(Sadly and as you can see, Martin's performance has been yanked from YouTube, something that's becoming increasingly rare as I write this in September of 2015 as content creators have come to terms more and more frequently with video sites. I'm hoping for a return of Martin's "Tuxedo Girl" and will leave this section in for a while. Until then - we can enjoy a performance of "Ta Ra Ra" that closely mirrors the combination of innocence and suggestiveness of Martin's, this one from a couple of years ago by the marvelously stage-named Winnie-Woopsie Tapatit:

The raging notoriety of "Ta Ra Ra" throughout Europe, America, and Australia makes the transition of that song into "The Tattooed Lady" very murky indeed, with everyone from Australian rugby teams to Royal Navy sailors claiming credit for the standard lyrics we sing today. Even the academics are uncertain. I hooted with laughter when I saw, for example, that the Hill Collection at the University of Arizona listed the composer as "Jack Splittard," which was a pseudonym adopted by the members of the Kingston Trio when they wanted to copyright an arrangement of a public domain song and, well, split the jack. And though the song appears in Boy Scout hiking song collections from the '30s and in a 1943 B movie called (appropriately, perhaps) Hi Ya, Sailor! and elsewhere, it was the Trio's version from their 1960 Billboard #1 String Along album that restored the tune to national commercial prominence.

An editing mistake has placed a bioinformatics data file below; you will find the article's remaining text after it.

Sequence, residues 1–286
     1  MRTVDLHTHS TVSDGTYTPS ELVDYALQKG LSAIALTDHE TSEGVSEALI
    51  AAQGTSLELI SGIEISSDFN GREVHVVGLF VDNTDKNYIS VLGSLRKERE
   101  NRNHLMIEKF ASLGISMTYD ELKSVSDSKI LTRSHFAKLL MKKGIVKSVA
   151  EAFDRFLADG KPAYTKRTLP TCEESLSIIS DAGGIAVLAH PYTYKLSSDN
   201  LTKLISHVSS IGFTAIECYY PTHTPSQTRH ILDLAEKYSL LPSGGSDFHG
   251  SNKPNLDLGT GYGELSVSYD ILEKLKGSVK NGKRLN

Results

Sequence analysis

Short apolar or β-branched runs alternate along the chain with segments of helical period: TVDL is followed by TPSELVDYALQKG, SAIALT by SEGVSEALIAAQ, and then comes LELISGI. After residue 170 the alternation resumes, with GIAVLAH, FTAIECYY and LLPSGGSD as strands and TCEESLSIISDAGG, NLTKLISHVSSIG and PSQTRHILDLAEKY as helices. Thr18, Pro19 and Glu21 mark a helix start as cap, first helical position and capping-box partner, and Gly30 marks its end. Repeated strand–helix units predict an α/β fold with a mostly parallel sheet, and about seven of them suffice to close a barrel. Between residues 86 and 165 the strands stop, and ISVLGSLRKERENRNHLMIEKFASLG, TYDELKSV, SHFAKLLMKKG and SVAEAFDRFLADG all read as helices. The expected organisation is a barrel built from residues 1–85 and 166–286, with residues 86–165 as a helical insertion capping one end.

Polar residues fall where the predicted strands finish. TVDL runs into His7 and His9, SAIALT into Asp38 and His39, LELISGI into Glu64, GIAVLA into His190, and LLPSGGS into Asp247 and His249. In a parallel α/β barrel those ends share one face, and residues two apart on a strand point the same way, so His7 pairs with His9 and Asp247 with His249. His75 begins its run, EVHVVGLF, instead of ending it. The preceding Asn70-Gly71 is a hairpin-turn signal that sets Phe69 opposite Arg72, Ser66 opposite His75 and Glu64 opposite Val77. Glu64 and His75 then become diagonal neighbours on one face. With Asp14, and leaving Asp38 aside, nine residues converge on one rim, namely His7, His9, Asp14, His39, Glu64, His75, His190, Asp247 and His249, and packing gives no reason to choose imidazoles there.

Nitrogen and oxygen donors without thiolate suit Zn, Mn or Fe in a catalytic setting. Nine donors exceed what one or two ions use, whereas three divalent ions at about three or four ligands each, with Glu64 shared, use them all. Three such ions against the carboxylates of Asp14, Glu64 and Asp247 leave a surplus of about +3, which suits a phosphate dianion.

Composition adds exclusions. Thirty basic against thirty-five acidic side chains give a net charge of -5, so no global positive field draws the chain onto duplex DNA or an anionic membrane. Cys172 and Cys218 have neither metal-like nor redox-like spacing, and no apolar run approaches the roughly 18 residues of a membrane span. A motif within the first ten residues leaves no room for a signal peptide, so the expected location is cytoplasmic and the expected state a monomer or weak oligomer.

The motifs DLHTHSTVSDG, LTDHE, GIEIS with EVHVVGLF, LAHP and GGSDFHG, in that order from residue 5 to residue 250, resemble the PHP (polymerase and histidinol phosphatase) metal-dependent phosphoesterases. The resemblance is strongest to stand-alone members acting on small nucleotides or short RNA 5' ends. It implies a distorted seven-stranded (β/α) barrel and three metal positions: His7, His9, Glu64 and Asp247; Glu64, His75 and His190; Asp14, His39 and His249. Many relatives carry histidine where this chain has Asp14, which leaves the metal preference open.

I'd bet on lead singer Nick Reynolds as the source for this as far as the KT was concerned. His father was a U.S. Navy captain who loved to play guitar, and sailors military and commercial from all points of the compass seem to have a very unsurprising affinity for the song.